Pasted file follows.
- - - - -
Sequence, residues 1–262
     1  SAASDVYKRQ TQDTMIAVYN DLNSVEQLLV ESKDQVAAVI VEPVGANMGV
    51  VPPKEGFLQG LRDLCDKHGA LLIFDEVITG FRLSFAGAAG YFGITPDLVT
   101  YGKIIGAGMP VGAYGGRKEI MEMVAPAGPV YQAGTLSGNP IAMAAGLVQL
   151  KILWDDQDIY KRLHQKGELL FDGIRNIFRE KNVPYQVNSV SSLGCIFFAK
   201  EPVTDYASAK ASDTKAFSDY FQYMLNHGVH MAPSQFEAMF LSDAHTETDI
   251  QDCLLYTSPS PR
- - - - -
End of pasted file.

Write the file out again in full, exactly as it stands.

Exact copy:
Sequence, residues 1–262
     1  SAASDVYKRQ TQDTMIAVYN DLNSVEQLLV ESKDQVAAVI VEPVGANMGV
    51  VPPKEGFLQG LRDLCDKHGA LLIFDEVITG FRLSFAGAAG YFGITPDLVT
   101  YGKIIGAGMP VGAYGGRKEI MEMVAPAGPV YQAGTLSGNP IAMAAGLVQL
   151  KILWDDQDIY KRLHQKGELL FDGIRNIFRE KNVPYQVNSV SSLGCIFFAK
   201  EPVTDYASAK ASDTKAFSDY FQYMLNHGVH MAPSQFEAMF LSDAHTETDI
   251  QDCLLYTSPS PR